Forgotten in its old age

by Aditya

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0

If you saved your TIFFs with 16bit per color channel, you didn't loose any quality. If you saved them with only 8bit, then yes, you lost color resolution, just as with a high quality JPEG. (the TIFF is losslessly compressed, so you don't loose anything by that, but a JPEG with maximum quality isn't noticeably degraded either).


1

It does not show clipping in the raw file, it shows clipping on what you have generated from it. You will see that if you decrease the exposure or the highlights slider, the red area will change its size. One way to see clipping in raw files (and dozens of other things) is to get a copy of RawDigger. Highly recommended, btw.


1

The only way to examine the RAW histogram (pre WB, pre demosaic) is to use a program that has this capability. The only one that I can think of offhand is RawTherapee, but I'm sure that others will chip in with more choices.


1

The clipping highlights show the current state of your picture, ie. with all the development settings applied. as such, they can not really tell you accurately whether there is clipping in the RAW data. For this, you'll have to inspect the ends of the histogram to see any suspicious bars at the ends, and watch what happens when you manipulate the sliders. ...


0

In other words, why not keep ISO at 100 and adjust exposure later (aside from in-camera previews)? The effect depends on implementation in your particular camera. Some cameras implement analog gain (of various extent) before the signal is digitized, some don't. You could shoot a set of exposures at various ISO, then look at the noise level and ...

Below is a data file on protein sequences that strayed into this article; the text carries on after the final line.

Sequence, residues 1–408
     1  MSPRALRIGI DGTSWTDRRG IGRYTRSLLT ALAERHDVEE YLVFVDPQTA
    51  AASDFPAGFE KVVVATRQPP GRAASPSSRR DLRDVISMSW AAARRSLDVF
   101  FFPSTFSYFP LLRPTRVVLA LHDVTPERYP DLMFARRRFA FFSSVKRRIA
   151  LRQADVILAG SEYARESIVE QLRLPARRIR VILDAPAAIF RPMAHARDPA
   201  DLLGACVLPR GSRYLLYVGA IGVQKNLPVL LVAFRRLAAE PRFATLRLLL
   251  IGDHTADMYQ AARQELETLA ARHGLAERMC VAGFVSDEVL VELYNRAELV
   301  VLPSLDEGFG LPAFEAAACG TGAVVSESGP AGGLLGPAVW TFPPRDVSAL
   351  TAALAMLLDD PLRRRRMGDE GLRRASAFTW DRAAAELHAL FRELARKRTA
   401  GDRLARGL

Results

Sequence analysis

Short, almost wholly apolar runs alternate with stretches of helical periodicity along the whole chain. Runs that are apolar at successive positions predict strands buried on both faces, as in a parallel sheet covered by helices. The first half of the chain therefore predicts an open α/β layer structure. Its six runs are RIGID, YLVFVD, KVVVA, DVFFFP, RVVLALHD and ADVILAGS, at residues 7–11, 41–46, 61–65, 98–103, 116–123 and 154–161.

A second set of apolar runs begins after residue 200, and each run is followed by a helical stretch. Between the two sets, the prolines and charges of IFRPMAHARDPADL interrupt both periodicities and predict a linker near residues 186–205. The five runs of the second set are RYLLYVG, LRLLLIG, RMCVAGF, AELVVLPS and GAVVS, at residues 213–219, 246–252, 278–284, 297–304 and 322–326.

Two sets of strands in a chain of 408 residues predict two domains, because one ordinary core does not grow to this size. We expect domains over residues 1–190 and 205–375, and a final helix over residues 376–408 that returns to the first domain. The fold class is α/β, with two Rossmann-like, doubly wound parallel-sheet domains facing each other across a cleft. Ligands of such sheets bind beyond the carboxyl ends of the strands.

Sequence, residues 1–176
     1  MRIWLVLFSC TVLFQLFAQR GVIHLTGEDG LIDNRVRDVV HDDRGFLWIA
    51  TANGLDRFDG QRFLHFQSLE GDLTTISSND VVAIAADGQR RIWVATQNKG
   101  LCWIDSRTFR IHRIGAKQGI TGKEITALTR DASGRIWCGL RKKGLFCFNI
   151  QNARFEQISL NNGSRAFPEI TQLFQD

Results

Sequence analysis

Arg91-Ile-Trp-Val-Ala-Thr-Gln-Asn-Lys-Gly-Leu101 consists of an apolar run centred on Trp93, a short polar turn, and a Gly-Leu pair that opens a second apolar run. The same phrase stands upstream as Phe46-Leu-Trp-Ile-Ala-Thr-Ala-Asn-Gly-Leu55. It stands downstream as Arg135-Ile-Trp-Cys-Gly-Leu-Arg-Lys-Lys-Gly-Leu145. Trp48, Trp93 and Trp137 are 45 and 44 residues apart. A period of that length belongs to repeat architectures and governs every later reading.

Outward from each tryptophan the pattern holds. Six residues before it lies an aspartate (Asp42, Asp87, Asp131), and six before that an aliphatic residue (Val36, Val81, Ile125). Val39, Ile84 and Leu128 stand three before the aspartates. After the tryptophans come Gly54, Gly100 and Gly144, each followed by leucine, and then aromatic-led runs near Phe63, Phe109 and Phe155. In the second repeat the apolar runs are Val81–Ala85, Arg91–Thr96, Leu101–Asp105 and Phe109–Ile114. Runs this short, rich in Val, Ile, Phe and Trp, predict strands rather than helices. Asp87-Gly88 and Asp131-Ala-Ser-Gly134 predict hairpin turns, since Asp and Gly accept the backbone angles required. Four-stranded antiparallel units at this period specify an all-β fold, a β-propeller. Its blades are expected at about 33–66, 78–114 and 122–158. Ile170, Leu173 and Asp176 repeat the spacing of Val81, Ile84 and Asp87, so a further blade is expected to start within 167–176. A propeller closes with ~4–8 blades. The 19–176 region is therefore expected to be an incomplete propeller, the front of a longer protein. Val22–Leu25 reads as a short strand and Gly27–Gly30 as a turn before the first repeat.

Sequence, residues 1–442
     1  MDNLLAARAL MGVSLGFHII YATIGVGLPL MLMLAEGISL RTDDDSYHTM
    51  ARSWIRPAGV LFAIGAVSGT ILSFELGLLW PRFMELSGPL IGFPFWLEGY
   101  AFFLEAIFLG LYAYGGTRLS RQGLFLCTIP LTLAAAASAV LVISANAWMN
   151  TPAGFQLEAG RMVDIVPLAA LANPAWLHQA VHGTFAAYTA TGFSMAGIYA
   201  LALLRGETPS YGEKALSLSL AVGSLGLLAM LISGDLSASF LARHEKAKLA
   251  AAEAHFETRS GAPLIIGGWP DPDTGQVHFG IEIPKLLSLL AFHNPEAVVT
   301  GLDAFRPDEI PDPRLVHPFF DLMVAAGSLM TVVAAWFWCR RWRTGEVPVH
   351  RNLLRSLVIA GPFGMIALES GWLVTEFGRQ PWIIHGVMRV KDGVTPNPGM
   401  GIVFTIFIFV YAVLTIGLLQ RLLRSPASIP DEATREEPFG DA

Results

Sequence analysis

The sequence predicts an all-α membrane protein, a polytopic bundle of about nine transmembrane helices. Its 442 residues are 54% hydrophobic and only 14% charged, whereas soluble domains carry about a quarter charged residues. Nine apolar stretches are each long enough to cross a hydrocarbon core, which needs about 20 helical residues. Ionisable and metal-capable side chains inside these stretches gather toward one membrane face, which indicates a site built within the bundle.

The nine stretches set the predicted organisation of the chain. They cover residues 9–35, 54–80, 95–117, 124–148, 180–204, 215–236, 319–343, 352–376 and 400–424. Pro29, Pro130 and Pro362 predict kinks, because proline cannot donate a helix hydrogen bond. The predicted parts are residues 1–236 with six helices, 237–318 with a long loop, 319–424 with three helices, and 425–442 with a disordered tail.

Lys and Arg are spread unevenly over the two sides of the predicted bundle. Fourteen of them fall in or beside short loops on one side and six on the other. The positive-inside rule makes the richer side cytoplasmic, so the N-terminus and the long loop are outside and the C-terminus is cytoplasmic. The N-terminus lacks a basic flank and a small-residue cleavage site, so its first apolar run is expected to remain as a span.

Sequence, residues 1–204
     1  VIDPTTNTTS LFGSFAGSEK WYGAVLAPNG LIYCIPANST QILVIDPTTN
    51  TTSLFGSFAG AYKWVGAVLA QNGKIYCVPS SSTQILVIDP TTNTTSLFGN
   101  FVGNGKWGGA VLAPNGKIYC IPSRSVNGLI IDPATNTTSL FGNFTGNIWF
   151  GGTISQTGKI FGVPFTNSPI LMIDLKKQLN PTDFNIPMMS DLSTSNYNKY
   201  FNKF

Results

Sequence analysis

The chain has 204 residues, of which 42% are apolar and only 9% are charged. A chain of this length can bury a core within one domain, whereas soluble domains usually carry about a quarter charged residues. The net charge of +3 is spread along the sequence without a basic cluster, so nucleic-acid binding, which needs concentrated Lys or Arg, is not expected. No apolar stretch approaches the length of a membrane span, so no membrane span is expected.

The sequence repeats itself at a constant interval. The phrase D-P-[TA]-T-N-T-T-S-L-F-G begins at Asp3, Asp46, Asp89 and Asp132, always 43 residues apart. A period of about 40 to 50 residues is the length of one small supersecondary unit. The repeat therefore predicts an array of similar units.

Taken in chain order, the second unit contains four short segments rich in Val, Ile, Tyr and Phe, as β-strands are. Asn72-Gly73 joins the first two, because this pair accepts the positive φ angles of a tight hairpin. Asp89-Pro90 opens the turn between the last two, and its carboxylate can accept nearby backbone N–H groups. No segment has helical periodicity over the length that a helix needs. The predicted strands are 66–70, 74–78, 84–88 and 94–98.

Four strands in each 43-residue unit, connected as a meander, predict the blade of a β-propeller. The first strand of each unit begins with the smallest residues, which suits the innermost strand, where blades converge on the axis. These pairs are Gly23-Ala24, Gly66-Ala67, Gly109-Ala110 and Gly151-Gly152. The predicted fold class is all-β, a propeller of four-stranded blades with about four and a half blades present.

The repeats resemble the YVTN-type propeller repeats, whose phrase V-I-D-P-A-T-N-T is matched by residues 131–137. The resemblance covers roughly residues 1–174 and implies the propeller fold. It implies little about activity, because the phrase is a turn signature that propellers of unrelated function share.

1

Hmm, I think ISO is the control to how much electric potential you put through the sensor. Think of it like photovoltaics(solar cells), when it stores up an electric potential into a capacitor or battery, eventually the resisting potential stops more charge from building unless a stronger light source illuminates the photovoltaic. The resistance of low ISO ...


4

Just to be clear: the clipping warnings and histogram in lightroom are tools for development of photos. Not for analysis of the RAW-files itself. The warnings does (in the best case) warn you if you're clipping in the output format such as JPEG. The histogram works the same regardless of which module you're reviewing it in. In Lightroom the histogram ...


2

On the quality front, in general, it will be better to do it in camera when the sensor is particularly subject to hot pixels (those that only appear stuck when heated) or when there is other heat related noise introduced in the image. At that point, the current conditions in the camera are more accurately represented by a dark frame taken at the same time. ...


2

Since there are many variables that affect the sensor read noise, taking the dark frame at the same time increases the chances that it is also taken under the same conditions as the exposed frame, particularly with regard to the temperatures of various areas of the sensor.


2

In order to match the type and character of noise accurately, the dark frame subtraction should be done at the same time as the exposure. So doing it in camera should yield better results.